Washington, 19 October, 1824
Respected and dear Sir,
I denied myself the pleasure of replying to your kind letter in answer to mine concerning the Pamphlet on “The two Americas” from an apprehension that you were already too much troubled by correspondence; the same motive would operate now did not an unutterable necessity induce me to the trespass as a refuge from despair
The death of Samuel Clarke, the Naval officer of the Customs at Philadelphia died on Saturday last, and I arrived here this day to solicit the station. I addressed a letter to the President, as he had authorised me to do, which reached him yesterday, and it was too late on my arrival to wait upon him. But the letter was handed to him by Mr Lee under cover to whom he desired I should write.
I am apprehensive that interests more active than mine in Phila will prevail against me, unless, your goodness should see it fit to interfere once more in my behalf with the President. I am thus apprehensive because when I had an interview in May last, and tendered several papers containing signatures of respectable Citizens of Philaa and members of both chambers of Congress here, the President was so good as to say that they were not necessary. Therefore I brought none now. But the President now has said that I must obtain signatures for this special office.
Here then am I involved in a double dilemma if I may so express it—There are several persons who have neither my experience nor any claims on the Score of service, but who have less scruples to seek signatures—and may seek them where I should not; again if it were required that I should return to obtain signatures, my friends may be preoccupied; and if I were to go—travelling with the utmost economy I should reach my family with not more than $3—and I should find them with not much more—as after paying my debts and subsistence out of what I received here last winter—I had only 50$ left. Such are the strange vicissitudes of life; and it is in such circumstances that I was taken up as the Candidate of the Old Republicans in the recent Election for Members of Congress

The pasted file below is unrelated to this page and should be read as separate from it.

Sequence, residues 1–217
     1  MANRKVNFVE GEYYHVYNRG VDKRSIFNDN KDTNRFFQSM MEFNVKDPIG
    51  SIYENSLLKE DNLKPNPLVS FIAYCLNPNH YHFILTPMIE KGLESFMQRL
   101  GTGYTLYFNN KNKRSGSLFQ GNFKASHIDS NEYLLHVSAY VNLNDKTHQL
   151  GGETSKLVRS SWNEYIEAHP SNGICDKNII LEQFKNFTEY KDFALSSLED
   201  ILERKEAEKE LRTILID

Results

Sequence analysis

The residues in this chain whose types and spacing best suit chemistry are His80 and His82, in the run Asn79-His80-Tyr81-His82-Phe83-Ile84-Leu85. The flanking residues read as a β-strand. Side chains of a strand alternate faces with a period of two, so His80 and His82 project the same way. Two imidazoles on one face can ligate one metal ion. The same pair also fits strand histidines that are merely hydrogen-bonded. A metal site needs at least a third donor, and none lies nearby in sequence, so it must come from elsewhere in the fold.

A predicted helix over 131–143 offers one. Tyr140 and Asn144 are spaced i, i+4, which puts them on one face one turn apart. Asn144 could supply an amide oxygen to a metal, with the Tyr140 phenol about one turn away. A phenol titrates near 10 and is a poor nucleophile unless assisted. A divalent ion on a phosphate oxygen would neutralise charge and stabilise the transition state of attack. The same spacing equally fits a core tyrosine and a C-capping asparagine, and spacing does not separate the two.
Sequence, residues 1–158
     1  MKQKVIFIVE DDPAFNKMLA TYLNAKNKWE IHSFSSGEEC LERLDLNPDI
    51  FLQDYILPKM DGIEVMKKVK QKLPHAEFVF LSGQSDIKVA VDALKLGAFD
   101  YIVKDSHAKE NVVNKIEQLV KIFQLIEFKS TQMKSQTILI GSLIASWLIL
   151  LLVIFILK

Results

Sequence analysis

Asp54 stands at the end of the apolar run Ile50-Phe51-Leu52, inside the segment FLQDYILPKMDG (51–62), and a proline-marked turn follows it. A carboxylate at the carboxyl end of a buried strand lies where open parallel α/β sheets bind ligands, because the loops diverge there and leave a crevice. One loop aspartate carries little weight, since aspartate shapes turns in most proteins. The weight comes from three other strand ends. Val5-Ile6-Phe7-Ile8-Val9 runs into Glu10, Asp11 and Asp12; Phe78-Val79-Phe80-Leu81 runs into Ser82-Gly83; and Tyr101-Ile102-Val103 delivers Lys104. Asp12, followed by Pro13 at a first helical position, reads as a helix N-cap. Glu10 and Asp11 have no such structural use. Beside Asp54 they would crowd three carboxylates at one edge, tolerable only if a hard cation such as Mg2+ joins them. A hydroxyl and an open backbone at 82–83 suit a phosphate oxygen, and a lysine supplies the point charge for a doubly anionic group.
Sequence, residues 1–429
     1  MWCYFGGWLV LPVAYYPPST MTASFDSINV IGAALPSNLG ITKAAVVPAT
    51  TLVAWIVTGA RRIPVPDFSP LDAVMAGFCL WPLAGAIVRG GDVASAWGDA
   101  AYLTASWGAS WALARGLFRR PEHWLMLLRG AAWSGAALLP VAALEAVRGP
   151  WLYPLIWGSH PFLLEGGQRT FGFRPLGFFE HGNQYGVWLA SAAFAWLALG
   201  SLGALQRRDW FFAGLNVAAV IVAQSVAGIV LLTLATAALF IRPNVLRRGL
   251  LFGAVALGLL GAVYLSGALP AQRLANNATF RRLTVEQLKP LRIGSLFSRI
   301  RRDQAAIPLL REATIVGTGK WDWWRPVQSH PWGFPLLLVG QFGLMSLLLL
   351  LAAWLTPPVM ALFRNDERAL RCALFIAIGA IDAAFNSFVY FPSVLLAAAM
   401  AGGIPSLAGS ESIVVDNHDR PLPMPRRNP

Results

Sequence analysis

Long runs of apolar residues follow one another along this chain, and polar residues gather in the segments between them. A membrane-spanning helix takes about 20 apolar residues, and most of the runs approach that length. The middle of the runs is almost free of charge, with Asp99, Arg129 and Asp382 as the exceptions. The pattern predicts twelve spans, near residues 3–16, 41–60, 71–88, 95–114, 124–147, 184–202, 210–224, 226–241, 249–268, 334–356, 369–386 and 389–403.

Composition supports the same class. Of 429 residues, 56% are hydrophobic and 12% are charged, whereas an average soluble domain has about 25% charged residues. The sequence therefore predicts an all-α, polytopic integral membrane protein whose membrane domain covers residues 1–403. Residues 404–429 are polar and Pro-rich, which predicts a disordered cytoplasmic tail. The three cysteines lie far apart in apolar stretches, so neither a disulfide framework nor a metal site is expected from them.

No man in the Union stands better in moral and mental estimation than I do with men of all parties in Phila and it must be a consolation after nearly 30 years before the public, that my son and myself should hold the place of preference among those who adhere to the principles of 1776 & 1800 But altho a Republic now means something, the rights of man is no longer a paradox, and Democratic government is no longer Jacobinism; and those who formerly reprobated now use the language and profess the doctrine they reviled twenty four years ago; they do not thank those who aided in reforming their modes of speech; and as I was an idle spectator in the transactions which produced this revolution in speech, the very same men opposed me on this occasion who were opposed to you at that period and since. They do justice to my social character, but tho they profess to be all Republicans all Federalists—they are not forgetful that I had shared in their conversion.
I had however a larger vote than Mr Swanwick, Mr M’Clenahan, capt W Jones, or Jo. Clay—as two of the most populous and republican wards of the city in former times voted for those citizens, but are now attached to the District of southwark. It is true a great number of the leading republicans of that period have passed away, but this shews that the principles of the Jefferson school has had in new generation successors of the same principles. It is a subject that I have never heard appreciated as it merits, that is, the effect of these principles gaining the ascendancy, for altho’ the votes now are given in the same way as 20 years ago, the fundamental principles are no longer disputed nor reviled, and the rising generation will receive them uncontaminated. It was to me a subject of peculiar interest to mark the contrast between the conduct of the same persons 24 years ago and on the recent reception of the virtuous La Fayette at the former period I have known the license to be taken away from the old established tavern the Dean’s Head, for no other trespass than permitting the Marseilles hymn to be sung in the House—and yet it was the very same man that took away the license, that ordered the Marseilles Hymn to be performed upon the entré of La Fayette!
I fear my feelings have induced me to tresspass on you more than was necessary; but I have been too many years accustomed to be affected in this way, to be able to govern my feelings now—or to deny myself the gratification of such recollections
I shall therefore not trespass on you further than to entreat—and I have never importuned you—may I now without wounding your goodness—entreat you to act in my favor in obtaining the Station of Naval Officer in the place of Mr Clarke deceased. My wife and her four daughters look with melancholy anxiety to my visit here—a failure would leave us utterly destitute. With that station, $2500 a year, I could occupy my leisure in finishing three or four works that must perish, if I should be abandoned now
DLC: Papers of Thomas Jefferson.